denied access to the Courts, and the undersigned finds that
he has therefore failed to establish a genuine issue of fact
as to whether his constitutional rights have been violated by
the Defendant Byrd sufficient to survive summary judgment.
House v. New Castle County, 824 F.Supp. 477, 485
(D.Md. 1993) [Plaintiff's conclusory allegations
insufficient to maintain claim]; see also Drakeford v.
Thompson, No. 09-2239, 2010 WL 4884897, at * 3 (D.S.C.
November 24, 2010), citing Larken v. Perkins, 22
Fed.Appx. 114, 115 (4th Cir. 2001)[Noting that
non-movant's “own, self-serving affidavit
containing conclusory assertions and unsubstantiated
speculation, . . . [is] insufficient to stave off summary
for purposes of summary judgment that Plaintiff at this point
would be entitled to the status of a civilly committed inmate
(as opposed to a convicted prisoner), his custody status as
such would most closely resemble that of a pretrial detainee.
Lingle v . Kibby, 526 Fed.Appx. 665, 667
(7th Cir. Apr. 15, 2013) [Civilly committed
persons are treated as pretrial detainees]; Valbert v.
South Carolina Dep't. of Mental Health, No. 12-1973,
2013 WL 4500455 at * 9 (D.S.C. Aug. 20, 2013) [same];
Treece v. McGill, No. 08-3909, 2010 WL 3781695 at *
4 (D.S.C. Sept. 21, 2010)[“A civilly committed
individual under the SVPA most closely resembles the custody
status of a pre-trial detainee.”] (quoting LaSure
v. Doby, No. 06-1527, 2007 WL 1377694 at * 5 (D.S.C. May
8, 2007)); Tillman v. Dixon, No. 10-5032, 2011 WL
5119187 at * 9 (W.D.Wash. Aug. 12, 2011)[The rights of those
civilly committed are analyzed using same standards that
apply to pretrial detainees], adopted by, 2011 WL
5118750 (W.D.Wash. Oct. 27, 2011); cf. Larch v.
Gintoli, 04-1962, 2006 WL 895019, at ** 3-4 (D.S.C. Mar.
31, 2006). Therefore, Plaintiff's conditions of
confinement mail/court access claim is evaluated under the
due process clause of the Fourteenth Amendment. Bell v.
Wolfish, 441 U.S. 520, 535, n. 16 (1979); but see
also Martin v. Gentile, 849 F.2d 863, 870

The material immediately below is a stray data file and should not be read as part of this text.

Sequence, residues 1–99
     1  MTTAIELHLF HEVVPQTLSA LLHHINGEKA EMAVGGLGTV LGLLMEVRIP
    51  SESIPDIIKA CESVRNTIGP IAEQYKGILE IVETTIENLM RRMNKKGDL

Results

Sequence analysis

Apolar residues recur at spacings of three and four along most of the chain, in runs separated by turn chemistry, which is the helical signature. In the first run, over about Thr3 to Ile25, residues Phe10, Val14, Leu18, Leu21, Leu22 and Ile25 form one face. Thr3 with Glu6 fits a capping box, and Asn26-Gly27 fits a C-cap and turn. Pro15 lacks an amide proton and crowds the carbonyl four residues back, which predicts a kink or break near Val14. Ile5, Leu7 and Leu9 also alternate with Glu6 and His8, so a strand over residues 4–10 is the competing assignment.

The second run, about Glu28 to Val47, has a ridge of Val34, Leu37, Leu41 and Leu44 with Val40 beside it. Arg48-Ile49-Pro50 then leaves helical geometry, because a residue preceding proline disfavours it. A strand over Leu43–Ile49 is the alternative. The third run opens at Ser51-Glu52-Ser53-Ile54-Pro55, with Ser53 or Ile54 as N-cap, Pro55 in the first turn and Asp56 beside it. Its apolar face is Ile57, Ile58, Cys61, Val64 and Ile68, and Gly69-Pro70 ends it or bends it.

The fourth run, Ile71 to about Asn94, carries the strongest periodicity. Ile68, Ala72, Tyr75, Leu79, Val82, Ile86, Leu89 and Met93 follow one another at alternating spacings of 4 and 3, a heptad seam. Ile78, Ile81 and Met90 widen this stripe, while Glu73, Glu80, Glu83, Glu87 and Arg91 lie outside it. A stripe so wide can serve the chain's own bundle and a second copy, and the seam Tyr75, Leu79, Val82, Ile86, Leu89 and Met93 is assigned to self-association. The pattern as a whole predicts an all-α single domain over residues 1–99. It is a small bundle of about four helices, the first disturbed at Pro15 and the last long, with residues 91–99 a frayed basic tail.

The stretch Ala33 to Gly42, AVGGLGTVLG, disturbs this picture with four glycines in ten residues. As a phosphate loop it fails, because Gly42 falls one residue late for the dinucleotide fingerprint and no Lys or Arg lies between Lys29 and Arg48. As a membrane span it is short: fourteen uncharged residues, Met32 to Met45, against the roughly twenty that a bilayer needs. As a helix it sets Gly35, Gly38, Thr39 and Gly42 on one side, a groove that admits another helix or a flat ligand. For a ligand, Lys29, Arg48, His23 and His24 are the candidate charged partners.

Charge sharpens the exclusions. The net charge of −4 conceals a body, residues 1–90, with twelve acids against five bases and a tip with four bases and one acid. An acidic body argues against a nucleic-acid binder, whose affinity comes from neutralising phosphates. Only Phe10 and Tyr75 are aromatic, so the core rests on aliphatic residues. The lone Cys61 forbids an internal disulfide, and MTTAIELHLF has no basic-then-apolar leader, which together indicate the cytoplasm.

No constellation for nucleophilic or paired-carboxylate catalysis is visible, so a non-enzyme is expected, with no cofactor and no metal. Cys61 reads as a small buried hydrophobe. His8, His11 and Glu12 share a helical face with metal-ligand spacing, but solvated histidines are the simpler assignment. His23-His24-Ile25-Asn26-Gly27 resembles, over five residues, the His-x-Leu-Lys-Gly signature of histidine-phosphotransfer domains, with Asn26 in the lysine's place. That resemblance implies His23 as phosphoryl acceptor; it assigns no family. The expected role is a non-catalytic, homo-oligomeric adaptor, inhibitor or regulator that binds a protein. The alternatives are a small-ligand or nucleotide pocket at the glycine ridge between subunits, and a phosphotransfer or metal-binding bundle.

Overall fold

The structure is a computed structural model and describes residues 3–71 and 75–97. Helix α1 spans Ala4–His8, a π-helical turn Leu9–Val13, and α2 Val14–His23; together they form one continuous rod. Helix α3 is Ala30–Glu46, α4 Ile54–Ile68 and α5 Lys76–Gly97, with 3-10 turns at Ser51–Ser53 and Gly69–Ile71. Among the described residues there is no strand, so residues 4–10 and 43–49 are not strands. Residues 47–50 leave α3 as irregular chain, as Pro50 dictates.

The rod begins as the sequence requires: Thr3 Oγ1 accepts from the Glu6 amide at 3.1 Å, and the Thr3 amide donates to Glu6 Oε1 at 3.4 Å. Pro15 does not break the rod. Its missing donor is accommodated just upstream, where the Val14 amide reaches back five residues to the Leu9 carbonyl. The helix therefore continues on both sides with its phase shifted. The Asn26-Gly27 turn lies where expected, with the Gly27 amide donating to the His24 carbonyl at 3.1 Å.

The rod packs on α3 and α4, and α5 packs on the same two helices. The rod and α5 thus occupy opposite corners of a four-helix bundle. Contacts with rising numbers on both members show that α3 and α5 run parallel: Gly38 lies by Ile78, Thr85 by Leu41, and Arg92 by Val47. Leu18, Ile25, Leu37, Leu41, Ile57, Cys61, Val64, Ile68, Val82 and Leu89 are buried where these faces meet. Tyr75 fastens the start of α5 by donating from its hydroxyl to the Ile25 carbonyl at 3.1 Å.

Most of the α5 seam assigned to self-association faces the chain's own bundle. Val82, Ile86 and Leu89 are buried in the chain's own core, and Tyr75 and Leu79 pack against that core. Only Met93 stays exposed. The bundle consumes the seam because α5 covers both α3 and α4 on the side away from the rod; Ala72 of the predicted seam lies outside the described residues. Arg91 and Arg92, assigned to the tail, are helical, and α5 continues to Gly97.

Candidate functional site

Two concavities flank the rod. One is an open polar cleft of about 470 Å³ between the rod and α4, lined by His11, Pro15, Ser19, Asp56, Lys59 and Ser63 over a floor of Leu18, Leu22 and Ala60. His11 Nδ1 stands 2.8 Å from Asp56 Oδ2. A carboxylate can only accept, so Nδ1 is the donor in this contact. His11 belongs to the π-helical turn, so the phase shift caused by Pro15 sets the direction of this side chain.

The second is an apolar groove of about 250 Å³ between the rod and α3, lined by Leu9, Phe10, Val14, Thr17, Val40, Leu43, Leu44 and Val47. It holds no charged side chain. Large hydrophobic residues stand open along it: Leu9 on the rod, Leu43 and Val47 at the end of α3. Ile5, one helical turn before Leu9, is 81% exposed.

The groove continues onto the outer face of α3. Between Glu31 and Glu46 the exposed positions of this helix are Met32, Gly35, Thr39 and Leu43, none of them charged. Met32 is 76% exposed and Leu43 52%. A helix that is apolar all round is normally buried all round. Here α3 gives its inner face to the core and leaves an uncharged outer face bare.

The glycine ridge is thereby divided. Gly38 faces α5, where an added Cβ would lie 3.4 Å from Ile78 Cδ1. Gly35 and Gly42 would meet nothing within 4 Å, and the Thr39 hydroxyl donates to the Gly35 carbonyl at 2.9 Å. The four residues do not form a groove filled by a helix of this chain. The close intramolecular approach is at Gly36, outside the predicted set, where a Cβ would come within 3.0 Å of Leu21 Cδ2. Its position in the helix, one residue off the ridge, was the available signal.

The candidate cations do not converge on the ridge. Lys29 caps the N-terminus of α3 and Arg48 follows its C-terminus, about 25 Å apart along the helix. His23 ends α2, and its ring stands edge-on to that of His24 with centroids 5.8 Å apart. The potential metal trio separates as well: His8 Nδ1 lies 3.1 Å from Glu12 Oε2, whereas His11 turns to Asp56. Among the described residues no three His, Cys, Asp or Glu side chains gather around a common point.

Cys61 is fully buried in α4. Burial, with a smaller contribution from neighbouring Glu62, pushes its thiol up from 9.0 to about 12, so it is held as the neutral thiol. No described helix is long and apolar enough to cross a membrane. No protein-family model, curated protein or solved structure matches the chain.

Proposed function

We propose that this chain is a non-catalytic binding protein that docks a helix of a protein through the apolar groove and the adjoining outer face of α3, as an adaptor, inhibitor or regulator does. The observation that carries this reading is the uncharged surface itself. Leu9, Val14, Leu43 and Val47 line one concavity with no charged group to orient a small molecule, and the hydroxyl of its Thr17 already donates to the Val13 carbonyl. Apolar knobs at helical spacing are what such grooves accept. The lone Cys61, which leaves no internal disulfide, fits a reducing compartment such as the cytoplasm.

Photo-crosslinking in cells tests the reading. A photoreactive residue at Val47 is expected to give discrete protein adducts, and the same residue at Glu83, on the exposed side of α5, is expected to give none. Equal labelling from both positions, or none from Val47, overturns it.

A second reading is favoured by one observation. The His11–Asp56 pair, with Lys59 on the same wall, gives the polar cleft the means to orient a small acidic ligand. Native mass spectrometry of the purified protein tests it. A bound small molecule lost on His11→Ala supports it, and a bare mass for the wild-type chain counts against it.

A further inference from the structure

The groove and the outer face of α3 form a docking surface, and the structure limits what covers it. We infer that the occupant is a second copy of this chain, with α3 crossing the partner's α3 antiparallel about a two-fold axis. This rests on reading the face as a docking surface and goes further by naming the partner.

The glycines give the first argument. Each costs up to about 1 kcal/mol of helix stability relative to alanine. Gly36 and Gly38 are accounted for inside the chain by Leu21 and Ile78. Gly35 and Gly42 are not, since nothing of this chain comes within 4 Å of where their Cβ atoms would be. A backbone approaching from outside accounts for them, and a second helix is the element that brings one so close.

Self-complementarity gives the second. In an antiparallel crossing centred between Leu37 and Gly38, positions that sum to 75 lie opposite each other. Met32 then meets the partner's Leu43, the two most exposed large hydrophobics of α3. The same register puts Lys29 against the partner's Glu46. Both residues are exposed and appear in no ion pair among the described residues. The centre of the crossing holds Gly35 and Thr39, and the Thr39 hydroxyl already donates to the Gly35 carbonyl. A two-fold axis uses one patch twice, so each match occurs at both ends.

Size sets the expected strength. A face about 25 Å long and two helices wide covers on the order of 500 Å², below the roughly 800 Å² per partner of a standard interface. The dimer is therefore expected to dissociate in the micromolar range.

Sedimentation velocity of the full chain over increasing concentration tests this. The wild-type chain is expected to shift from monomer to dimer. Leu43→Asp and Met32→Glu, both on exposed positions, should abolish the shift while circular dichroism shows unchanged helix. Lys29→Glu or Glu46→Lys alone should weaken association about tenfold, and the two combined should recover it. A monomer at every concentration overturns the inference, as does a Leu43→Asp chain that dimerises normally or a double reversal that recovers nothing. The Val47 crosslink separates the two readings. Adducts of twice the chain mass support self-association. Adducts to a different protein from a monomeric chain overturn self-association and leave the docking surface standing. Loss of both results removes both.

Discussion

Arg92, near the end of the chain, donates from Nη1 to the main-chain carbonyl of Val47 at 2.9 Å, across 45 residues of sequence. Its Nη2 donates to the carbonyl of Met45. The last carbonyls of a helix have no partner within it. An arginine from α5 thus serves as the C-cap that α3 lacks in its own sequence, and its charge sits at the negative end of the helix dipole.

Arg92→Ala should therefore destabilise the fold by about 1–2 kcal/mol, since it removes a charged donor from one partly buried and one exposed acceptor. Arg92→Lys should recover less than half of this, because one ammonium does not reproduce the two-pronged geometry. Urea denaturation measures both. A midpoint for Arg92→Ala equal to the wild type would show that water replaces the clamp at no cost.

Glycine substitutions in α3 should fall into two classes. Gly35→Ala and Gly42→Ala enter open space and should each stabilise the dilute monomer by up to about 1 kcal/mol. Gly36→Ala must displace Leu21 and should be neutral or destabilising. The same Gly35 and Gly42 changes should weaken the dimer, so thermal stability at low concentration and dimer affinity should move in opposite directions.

(4th Cir. 1988) [Holding that the Fourteenth
Amendment guarantees at least Eighth Amendment protections].
is alleging that his constitutionally protected rights are
being violated because he is being denied sufficient
resources and assistance to provide him with adequate access
to the courts, in particular because jail officials are
failing to make copies for him or notarize his legal
documents. However, even assuming that the Defendant Byrd
could be held responsible for such a claim,  in order to
pursue a claim for denial of access to the courts, Plaintiff
must have evidence sufficient to establish a genuine issue of
fact that he was both denied access to the Courts and
suffered some actual injury or specific harm as a result.
Lewis v. Casey, 518 U.S. 343, 349-353 (1996)[Inmate
alleging denial of access to the courts must be able to
demonstrate “actual injury” caused by the policy
or procedure at issue]; Magee v. Waters, 810 F.2d
451, 452 (4th Cir. 1987) [“Courts have required a
showing by a complaining prisoner of actual injury or
specific harm to him before a claim of lack of access to the
courts will be sustained”]. Plaintiff has failed to
present any evidence that he has suffered any harm as a
result of any failure of jail officials to provide him with
notary services, copies, or allow for legal mailings.
House, 824 F.Supp. at 485 [Plaintiff's
conclusory allegations insufficient to maintain claim].
it is worth noting that Plaintiff, a frequent filer of
litigation in this Court, has, and continues, to submit
regular court filings in his numerous pending cases, all of
which belie his assertion that he is being denied access to
the Courts. Further, Plaintiff has presented no
evidence to establish that any jail officials' failure to
provide him with notary services of provide him with copy
services (allegations assumed to be true for purposes of
summary judgment) has prevented him from pursuing his court
actions. See also Johnson v. Moore, 948 F.2d 517,
521 (9th Cir. 1991), citing Sands v. Lewis, 886 F.2d
1166, 1169 (9th Cir. 1989)[“Numerous courts have
rejected any constitutional right to free and unlimited
photocopying”]; Howard v. Ozmint, No. 08-3171,
2009 WL 4809427 at * 7 (D.S.C. Dec. 9, 2009) [Dismissing
Plaintiff's claim for lack of access to the courts where
plaintiff failed to show he suffered any irreparable injury
as a result of not having access to a notary]. Finally, as
conceded by Plaintiff in his own Complaint, he is represented
by legal counsel in his pending state court action.
Cf. Cruz v. Hauck, 515 F.2d 322, 331
(5th Cir. 1975) [Where a criminal defendant is
represented by counsel, access to legal materials and/or a
law library is also not required]; see also Jones v.
Lexington County Detention Center, 586 F.Supp.2d 444,
449 (D.S.C. 2008).
this claim is without merit. Cochran v. Morris, 73
F.3d 1310, 1317 (4th Cir. 1996) [Dismissal of access to court
claim proper where inmate relied on conclusory allegations
and failed to identify any actual injury].
on the foregoing, it is recommended that the Defendant's
motion for summary judgment be granted, ...